26 April 2012
The Gullah/Geechee: People of the Sea Islands
and coastal region of the southeastern United States
South Carolina, Georgia and Florida
26 April 2012
Gullah is the language of the African American inhabitants of coastal regions of southeastern United States. They descendants of Africans enslaved and brought to North America by way of the West Indies or directly from Africa, mainly from the West Coast of Africa. The peoples of the West Coast of Africa were known for the expertise in cultivating rice, and fishing. The slave traders went in search of these specific talents on the West Coast Africa extending from Senegal to Angola. The captive slaves were from the same region but, they spoke many different languages.
In the effort to communicate with one another; the languages would be blended or creolized. The vocabulary of Gullah contains words found in the following languages, all of which are spoken in the above-mentioned areas: Wolof, Malinke, Mandinka, Bambara, Fula, Mende, Vai, Twi, Fante, Ga, Ewe, Fon, Yoruba, Bini, Hausa, Ibo, Ibibio, Efik, Kongo, Umbundu, Kimbundu, and a few others (Dow-Turner, 2). Gullah had been believed to be pidgin or broken English; until Lorenzo Dow-Turner's extensive linguistic investigation into the origin of the Gullah language. For seven years, Dow studied and spoke the language of Gullah and interviewed the Gullah speaking people of the Sea Islands. Dow-Turner conducted similar interviews in Africa in order to compare the dialects.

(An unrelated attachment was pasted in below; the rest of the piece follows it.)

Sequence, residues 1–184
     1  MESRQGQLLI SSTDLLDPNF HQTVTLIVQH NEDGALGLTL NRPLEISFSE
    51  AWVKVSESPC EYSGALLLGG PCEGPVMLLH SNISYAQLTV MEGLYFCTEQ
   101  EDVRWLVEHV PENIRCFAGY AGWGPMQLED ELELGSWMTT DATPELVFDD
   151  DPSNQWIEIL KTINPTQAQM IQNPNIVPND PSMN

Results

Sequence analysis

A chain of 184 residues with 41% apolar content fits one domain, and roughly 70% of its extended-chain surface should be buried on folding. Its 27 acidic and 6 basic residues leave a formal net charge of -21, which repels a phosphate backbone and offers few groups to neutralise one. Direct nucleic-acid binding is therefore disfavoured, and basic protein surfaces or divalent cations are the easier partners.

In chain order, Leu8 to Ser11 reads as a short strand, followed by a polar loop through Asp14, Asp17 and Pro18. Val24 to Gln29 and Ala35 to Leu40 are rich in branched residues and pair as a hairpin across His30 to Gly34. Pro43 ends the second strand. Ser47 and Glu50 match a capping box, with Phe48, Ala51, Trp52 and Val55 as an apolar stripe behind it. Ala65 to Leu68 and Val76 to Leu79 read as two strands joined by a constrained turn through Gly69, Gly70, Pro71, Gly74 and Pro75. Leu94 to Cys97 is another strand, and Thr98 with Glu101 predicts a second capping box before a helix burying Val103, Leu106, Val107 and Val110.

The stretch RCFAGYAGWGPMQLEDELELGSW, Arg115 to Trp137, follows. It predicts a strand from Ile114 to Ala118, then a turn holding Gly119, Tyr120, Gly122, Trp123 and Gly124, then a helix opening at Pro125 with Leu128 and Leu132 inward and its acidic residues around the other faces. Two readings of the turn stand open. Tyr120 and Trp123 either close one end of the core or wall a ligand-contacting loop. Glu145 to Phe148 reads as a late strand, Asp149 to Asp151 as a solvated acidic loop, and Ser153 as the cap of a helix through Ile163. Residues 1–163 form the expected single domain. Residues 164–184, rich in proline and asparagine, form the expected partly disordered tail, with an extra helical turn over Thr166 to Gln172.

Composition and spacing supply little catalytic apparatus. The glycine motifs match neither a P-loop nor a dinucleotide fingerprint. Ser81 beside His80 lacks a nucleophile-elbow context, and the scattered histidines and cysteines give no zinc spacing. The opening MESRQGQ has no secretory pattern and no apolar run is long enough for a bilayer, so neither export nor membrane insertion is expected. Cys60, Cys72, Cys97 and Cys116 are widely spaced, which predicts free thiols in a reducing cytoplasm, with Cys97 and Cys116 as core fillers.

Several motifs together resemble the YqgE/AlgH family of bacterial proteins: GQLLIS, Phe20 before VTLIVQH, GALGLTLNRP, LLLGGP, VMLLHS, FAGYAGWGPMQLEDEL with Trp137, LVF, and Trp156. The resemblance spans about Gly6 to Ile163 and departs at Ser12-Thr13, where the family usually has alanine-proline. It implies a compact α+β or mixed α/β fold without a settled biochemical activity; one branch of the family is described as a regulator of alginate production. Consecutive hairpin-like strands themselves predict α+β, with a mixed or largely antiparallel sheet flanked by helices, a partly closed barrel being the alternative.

Dialect -Linguistics. a variety of a language that is distinguished from other varieties of the same language by features of phonology, grammar[->0], and vocabulary[->1], and by its use by a group of speakers who are set[->2] off from others geographically or socially.
Language-a body of words and the systems for their use common to a...
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